On Tuesday the European Union published its Fifth Anti-Money Laundering Directive (Directive (EU) 2018/843), aiming to both detect and investigate money laundering and prevent it from occurring.
The new directive, amending the prior Directive (EU) 2015/849, was passed by the European Parliament and the European Council and published in Official Journal L156 of the European Union.
The directive acknowledges that the inclusion of providers will not completely remove all anonymity with virtual currencies, and in large part, the environment will remain anonymous as it is not essential to make transactions with such providers.
However, to combat the risks related to anonymity, Financial Intelligence Units (FIUs) will be allowed access to information which will enable them to associate virtual currency addresses to the identity of the owner of the virtual currency.
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The directive highlighted the ability of terrorists to fund their actions through virtual currencies. It identified that providers engaged in exchange services between virtual currencies and fiat currencies as well as custodian wallet providers are under no obligation to identify suspicious activity.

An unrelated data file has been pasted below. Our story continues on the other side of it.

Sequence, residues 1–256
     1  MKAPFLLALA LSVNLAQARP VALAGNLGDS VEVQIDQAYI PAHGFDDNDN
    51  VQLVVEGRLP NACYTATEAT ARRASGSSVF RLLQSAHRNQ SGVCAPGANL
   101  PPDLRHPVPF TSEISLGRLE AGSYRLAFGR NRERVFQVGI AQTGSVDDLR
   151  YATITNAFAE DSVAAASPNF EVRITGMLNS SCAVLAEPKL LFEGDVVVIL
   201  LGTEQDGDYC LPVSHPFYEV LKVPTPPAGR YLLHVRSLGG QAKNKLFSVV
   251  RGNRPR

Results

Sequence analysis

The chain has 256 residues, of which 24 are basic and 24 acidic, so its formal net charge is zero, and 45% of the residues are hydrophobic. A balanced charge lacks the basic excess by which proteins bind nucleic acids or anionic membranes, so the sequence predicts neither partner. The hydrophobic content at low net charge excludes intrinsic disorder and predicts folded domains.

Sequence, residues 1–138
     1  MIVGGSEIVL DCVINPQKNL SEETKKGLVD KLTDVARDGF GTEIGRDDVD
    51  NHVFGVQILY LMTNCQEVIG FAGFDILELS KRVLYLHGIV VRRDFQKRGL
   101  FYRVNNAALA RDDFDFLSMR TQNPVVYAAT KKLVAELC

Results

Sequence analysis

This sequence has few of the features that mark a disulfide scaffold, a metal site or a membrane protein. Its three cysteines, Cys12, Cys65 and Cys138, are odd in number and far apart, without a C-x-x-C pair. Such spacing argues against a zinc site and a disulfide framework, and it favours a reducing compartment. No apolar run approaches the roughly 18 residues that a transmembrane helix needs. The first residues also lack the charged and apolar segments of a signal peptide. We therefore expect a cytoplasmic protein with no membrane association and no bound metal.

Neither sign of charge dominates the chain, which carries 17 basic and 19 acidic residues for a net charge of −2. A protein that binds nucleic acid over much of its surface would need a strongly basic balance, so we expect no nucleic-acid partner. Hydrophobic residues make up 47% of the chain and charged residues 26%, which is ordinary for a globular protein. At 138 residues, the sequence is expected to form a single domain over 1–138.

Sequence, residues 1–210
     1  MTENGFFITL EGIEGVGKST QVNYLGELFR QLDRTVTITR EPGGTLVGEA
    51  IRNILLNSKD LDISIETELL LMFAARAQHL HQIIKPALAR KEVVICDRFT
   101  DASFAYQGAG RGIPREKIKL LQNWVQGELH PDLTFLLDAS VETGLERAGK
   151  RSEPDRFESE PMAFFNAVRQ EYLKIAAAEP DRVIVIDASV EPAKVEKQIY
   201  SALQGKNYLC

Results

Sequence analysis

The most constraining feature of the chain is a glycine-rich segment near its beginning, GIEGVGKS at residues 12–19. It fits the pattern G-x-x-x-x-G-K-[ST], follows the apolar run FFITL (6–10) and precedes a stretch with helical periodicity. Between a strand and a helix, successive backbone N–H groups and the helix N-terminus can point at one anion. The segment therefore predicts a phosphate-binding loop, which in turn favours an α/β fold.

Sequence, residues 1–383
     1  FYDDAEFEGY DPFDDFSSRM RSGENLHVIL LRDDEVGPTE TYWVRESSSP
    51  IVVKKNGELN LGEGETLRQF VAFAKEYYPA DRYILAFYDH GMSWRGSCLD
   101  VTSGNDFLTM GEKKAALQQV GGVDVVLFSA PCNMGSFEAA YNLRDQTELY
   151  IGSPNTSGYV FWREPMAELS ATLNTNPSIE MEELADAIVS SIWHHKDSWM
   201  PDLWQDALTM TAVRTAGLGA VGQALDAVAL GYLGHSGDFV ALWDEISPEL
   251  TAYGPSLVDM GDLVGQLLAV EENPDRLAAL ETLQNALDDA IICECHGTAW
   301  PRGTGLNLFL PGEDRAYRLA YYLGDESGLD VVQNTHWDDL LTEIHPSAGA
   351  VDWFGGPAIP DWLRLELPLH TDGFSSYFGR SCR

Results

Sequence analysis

Member state legislation will follow
According to the directive, “it is [sic] essential to extend the scope of Directive (EU) 2015/849 so as to include providers engaged in exchange services between virtual currencies and fiat currencies as well as custodian wallet providers [sic] For the purposes of anti-money laundering and countering the financing of terrorism (AML/CFT), competent authorities should be able, through obliged entities, to monitor the use of virtual currencies.”
The directive went on saying: “Such monitoring would provide a balanced and proportional approach, safeguarding technical advances and the high degree of transparency attained in the field of alternative finance and social entrepreneurship.”
It adds that the possibility of allowing users to self-declare to designated authorities on a voluntary basis should be further assessed.
EU Member states will need to amend their national laws, regulations, and administrative provisions to comply with the directive by January 2020.